It’s worth having a professionally developed CSR strategy that involves your management, financial and accounting personnel – and also your tax law advisers.
As a concept based on the win-win principle, CSR gives rise to many difficulties for tax offices and businesses. Tax office and finance ministry decisions make it difficult for companies to win all the time. Fortunately, because of the increased involvement of companies in CSR activities, awareness among tax officials is also rising. As a result, there are increasing numbers of favourable court rulings and successful individual tax interpretations. Here are some of the fundamental aspects of tax practice which should be considered while developing a CSR strategy.
CSR and CIT
There are many measurable benefits from implementing an efficient and well-thought-out CSR strategy. These include developing a more sustainable business, lower staff turnover, improved retention of the best employees, greater loyalty of clients and partners and higher resilience of the company to crisis situations. All of these indirectly raise the competitiveness of enterprises and hence increase revenue. This causal link isn’t that obvious to everybody. Yet to credit the incurred expenses to revenue costs, it’s essential to recognise them properly…
To comply with the provisions of the CIT Act, recognising expenses incurred with respect to CSR as tax costs is possible:
on general terms within the law on CIT 
if such expenses are not in the catalogue of costs excluded from corporate income 
the expenses are incurred to obtain, secure or maintain the source of income.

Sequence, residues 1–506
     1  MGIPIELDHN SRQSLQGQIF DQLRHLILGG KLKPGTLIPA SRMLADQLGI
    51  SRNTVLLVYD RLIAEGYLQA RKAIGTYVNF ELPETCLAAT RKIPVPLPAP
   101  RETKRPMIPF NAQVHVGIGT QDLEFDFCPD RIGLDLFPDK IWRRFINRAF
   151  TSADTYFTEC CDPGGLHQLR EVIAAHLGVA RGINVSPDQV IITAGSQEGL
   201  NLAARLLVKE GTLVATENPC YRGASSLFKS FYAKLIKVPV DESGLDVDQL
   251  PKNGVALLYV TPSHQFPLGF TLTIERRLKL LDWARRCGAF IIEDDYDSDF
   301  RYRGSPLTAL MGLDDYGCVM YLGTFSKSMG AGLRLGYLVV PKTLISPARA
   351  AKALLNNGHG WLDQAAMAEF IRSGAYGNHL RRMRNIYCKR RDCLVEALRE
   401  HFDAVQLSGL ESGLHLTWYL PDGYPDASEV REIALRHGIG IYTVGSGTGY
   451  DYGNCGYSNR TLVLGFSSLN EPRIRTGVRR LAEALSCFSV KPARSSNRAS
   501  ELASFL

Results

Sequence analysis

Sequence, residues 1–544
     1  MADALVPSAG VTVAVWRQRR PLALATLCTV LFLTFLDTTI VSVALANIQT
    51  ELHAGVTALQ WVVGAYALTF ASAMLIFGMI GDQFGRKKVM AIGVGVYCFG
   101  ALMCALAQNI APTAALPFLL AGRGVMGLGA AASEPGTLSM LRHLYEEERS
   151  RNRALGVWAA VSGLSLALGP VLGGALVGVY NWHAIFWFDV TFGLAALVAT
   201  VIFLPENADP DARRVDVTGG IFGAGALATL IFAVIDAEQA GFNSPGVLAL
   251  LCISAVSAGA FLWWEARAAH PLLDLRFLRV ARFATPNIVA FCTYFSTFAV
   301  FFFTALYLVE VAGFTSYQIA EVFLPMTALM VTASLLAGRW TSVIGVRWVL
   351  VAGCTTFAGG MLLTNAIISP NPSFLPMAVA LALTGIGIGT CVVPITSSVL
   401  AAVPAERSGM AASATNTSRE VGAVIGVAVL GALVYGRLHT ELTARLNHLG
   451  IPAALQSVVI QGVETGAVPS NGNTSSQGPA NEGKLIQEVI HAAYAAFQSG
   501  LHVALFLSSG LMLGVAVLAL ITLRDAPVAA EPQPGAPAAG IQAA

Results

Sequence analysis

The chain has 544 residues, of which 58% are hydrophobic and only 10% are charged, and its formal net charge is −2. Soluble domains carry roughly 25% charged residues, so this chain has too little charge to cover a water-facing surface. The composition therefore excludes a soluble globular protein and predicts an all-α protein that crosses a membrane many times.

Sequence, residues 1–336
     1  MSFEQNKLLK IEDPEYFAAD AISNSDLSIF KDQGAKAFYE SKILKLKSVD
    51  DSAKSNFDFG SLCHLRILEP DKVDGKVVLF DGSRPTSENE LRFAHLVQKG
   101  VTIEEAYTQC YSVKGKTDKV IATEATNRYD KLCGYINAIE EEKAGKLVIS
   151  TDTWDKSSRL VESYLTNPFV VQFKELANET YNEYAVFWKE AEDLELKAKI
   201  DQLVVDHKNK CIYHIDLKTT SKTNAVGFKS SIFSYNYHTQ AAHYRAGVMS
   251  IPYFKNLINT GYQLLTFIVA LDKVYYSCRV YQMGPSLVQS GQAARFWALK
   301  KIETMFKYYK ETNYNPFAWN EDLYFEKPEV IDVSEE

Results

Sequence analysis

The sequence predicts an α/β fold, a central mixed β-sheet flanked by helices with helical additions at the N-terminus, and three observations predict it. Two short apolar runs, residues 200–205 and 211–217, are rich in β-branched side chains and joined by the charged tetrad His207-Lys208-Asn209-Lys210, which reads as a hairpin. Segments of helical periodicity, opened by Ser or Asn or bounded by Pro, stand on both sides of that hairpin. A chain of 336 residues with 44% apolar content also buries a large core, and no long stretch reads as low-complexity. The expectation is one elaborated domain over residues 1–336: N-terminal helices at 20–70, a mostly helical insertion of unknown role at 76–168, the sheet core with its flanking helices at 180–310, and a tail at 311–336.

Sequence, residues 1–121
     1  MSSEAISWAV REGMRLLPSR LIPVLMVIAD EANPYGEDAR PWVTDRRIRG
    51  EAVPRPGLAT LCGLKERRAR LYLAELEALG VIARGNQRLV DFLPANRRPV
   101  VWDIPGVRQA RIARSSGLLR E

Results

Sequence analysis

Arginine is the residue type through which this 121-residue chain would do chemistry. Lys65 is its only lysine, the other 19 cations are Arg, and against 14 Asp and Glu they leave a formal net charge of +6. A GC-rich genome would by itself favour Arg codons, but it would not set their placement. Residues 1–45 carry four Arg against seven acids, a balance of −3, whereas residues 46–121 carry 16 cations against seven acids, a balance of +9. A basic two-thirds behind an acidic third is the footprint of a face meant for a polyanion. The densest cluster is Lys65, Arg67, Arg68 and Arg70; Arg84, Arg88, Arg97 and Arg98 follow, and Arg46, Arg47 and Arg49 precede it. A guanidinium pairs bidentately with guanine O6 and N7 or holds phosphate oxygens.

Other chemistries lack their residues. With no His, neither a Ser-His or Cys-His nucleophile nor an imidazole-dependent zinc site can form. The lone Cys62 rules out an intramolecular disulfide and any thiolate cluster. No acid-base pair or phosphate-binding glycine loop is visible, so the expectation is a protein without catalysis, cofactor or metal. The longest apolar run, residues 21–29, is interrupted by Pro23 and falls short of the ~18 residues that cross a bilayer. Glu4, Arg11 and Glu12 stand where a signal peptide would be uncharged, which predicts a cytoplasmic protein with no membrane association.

Since the objective of enterprises involved in CSR activities is to obtain, secure or maintain the source of income (and not to build a positive image to reach existing or potential contracting parties), it’s essential to accurately recognise these activities when justifying expenses incurred for CSR – by using the causal link between current or future revenue (the impact may be indirect or direct). Expenses must be properly documented, their connection with the conducted business activity must be maintained, and they must be kept non-refundable (permanent) – something that administrative courts frequently point out.
CSR and VAT
To confirm that particular costs incurred for goods or services entitle the taxpayer to deduct VAT, it’s essential to prove their strict connection with the taxed business activity and to translate them to future profits or savings. No more and no less. In practice, in case of inspection, it’s not enough to produce VAT invoices or proofs of payment only. Each incurred expense must be reasonably justified, preferably in the form of a long-term written CSR strategy, which should include a detailed description of the expected results of specific campaigns. The key is not to focus on image only, but to indicate even indirect impact on the company’s turnover or saved expenses.
Where do the difficulties come from?
Concepts such CSR “are of relatively new origin in the Polish economic space” – pointed out the Supreme Administrative Court in its decision of 13 June 2018 . This is one of the reasons for the inconsistent rulings on tax disputes related to corporate social responsibility. There’s no legal definition of the term ‘CSR’. Fortunately, the European Commission has defined CSR as “the responsibility of enterprises for their impact on society,” which is of great help. The originality of the CSR concept is also confirmed by the relatively recent date that it was systemised by the International Organization for Standardisation (ISO 26000) – 2010. And although CSR activities have a permanent place in the organisational culture in many of the largest Polish businesses, many people are still unfamiliar with the term. In practice, this lack of knowledge hinders proper qualification of CSR activities and expenses in the context of taxation.